"Drinking tea, desires diminish and I come to see the ancient secret of happiness: wanting what I already have, inhabitating the life that is already mine." -- The Minister of Leaves
Ya'll who know me best will probably faint when I say this, but last Saturday, I went to a Christmas tea with about thirty of the women of the Beverly Drive United Methodist Church, thanks to a very cordial and heartfelt invitation by Linda Marcum, the church's Pastor.
I met Linda and her husband, Don, over the fence across the alley behind The Florist. Actually I met their poodle girl, Angel, first. Angel introduced me to her mom and dad. Don was already carrying his oxygen pack with him when we first met, but I didn't realize how ill he was. Within a year, he was gone. Super nice man -- and he loved his family and his Angel. We can tell Angel misses him, and she looks forward to Mama coming home. He is missed by those on the north side of the alley, too.
Linda is one of those people who comes along occasionally, who despite all that we are that is different, we connected. It's probably partly because we are both new widows, but hopefully that's just our initial introduction and we will be able to get to know one another better. I like her. She is a genuinely nice person.
I've known lots of Methodists, and generally speaking, I've found them to be open minded, welcoming and friendly. Two of my favorite people in the whole world, Bernice Stone and Cora Mae Watts, were Methodists. So were their families. Wonderful, honest people.
Although they attended church every Sunday morning, Sunday evening and Wednesday evening, they never force-fed their religious beliefs to me -- like some religions do. They did, however, talk to me about their beliefs, and how God would like to see us treat each other. They were good role models for a young mother of two.
Last Christmas is a blur to me. Linda may have invited me to her Christmas tea last year, but I didn't go. This year, though, I'm in a much better place, a much stronger frame of mind, so I told Linda I'd love to come to tea.
Thursday night, before the tea, I ate something that disagreed with me and ended up unable to go to work Friday. Sick all day and all evening, woke up Saturday feeling somewhat better but still lousy. Do I go have tea with the Methodists? Or call Linda and tell her I can't come?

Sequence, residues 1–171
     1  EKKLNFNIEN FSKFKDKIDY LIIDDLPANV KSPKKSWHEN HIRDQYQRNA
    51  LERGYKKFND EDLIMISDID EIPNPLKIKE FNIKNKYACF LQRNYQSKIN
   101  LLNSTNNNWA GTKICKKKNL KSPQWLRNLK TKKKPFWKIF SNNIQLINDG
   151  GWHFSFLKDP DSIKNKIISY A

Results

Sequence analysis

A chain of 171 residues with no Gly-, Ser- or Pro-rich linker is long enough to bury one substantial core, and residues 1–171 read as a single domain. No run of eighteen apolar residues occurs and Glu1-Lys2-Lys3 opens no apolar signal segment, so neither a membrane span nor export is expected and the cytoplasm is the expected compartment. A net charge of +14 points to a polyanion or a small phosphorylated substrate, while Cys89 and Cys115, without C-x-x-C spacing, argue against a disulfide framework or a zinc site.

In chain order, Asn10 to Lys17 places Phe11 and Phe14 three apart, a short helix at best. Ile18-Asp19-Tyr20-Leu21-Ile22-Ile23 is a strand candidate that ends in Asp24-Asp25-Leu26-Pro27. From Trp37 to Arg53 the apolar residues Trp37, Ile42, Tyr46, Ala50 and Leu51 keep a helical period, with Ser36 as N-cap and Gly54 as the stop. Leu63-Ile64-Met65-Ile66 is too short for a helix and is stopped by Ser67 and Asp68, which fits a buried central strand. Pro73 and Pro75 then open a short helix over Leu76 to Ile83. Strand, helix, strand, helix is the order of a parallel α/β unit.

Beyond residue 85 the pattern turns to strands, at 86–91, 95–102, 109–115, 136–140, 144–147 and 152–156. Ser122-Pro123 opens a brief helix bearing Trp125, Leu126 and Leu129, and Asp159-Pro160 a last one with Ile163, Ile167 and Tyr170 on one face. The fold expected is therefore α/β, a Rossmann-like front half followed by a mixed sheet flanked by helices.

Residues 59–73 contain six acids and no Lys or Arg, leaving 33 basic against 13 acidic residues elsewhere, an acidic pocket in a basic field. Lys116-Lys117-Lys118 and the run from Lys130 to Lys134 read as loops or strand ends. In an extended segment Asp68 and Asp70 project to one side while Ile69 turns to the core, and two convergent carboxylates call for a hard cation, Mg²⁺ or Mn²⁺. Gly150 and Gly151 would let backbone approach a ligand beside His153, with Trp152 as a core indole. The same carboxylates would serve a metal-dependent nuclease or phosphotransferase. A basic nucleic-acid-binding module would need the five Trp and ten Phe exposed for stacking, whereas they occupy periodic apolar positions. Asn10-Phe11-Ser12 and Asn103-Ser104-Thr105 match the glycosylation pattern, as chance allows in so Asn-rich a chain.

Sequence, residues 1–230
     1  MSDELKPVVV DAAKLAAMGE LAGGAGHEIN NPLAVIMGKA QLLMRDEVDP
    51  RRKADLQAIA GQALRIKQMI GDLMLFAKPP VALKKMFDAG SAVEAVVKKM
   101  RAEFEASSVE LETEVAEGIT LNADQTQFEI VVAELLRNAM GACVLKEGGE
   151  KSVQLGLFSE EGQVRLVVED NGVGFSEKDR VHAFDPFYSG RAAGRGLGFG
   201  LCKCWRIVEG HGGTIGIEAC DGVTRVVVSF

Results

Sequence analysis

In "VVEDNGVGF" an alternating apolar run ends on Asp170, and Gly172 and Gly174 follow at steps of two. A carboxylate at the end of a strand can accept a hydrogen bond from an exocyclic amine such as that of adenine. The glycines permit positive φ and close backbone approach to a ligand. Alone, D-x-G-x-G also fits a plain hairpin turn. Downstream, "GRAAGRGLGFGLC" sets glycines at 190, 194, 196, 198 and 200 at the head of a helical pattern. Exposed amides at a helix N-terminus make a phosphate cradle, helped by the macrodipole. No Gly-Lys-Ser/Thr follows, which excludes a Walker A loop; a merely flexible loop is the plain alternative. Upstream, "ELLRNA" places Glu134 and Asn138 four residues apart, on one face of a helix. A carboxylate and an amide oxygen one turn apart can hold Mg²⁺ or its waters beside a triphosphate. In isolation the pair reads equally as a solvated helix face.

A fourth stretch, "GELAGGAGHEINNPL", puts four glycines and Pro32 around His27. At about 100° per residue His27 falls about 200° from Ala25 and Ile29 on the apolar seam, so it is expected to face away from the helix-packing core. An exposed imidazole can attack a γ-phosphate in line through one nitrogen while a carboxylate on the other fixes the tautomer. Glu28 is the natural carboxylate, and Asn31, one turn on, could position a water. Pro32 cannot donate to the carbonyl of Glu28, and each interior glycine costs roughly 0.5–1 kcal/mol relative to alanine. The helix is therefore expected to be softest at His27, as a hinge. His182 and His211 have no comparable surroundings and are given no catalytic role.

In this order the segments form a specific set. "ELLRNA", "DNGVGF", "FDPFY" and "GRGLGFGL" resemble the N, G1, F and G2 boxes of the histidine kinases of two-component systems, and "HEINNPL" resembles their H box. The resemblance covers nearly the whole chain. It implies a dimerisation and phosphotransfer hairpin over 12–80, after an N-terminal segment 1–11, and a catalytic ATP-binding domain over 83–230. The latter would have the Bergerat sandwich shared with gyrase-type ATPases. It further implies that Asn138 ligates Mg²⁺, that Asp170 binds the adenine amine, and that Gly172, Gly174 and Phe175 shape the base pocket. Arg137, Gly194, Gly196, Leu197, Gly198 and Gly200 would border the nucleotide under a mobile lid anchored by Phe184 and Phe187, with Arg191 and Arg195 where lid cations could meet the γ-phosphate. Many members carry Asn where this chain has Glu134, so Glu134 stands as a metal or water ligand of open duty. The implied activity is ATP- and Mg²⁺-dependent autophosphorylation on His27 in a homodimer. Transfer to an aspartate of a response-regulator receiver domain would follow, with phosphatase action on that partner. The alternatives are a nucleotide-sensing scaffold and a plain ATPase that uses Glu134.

That little voice in my mind that likes to make me think I'm insignificant, assured me, "You don't have to go. She's expecting about forty people."
"But I said I'd go and I hate to say I'll do something and then not follow through," I argued with myself.
"She won't even notice if you don't come."
But I got up, took a shower, dressed and went -- because I said I'd be there. I took Linda a gift, as a thank you for inviting me -- copies of "Come Hell or High Water", "The Hell About Stallions" and the preview of "When Hell Freezes Over", all beautifully wrapped up together and tied with a sparkling gold bow.
The "tea room" was beautifully decorated; white table cloths adorned with many different patterns of tea sets, floral arrangements, votive candles, mini Christmas trees, clear glasses filled with nuts and candies, snowflakes and a standard decorated Christmas tree with a bright star on top.
I met Kathy, don't know her last name. She said it was long and hard to spell and most people can't remember it. She was a lovely woman, new to Wichita Falls. Her husband is a regional Bishop, I think is what she told me, so they are only here for about eight years before they will move again. She said she likes Wichita Falls, that it has a peace about it that is missing in larger cities. It was nice to hear someone compliment Wichita Falls, since mostly all we native Wichitans do is complain because we don't have this or that.
The program included beautiful songs and thoughtful prayer, then as we helped ourselves to a lovely variety of finger foods, Linda called out the names of the "door prize" winners. I won the last one -- a variety box of Republic of Tea -- an appropriate gift for me. I love tea.
Linda may not have noticed if I hadn't come, but she sure noticed that I was there. She introduced me to the whole group as "Angel's friend" and they all knew Angel.
It was a fun relaxing time, filled with sweet voices and good will.
Will I go to church come Sunday morning? No.
Linda and I have different beliefs but that doesn't mean we can't be friends.
"…By what stretch of arrogance do you think a life form that looks like you is more important than a life form that doesn’t?”Joel Salatin
Nothing is more beneficial to your wellbeing than to look for and acknowledge those parts of everyday life that you enjoy.
"If you are happy where you are now, why does it matter how painful it was to get there?" -- Abraham
"It is no bad thing to celebrate a simple life." -- Bilbo Baggins a.k.a. The Hobbit by JRR Tolkien
"And forget not that the earth delights to feel your bare feet, and the winds long to play in your hair." -- Kahill Gibran
“And forget not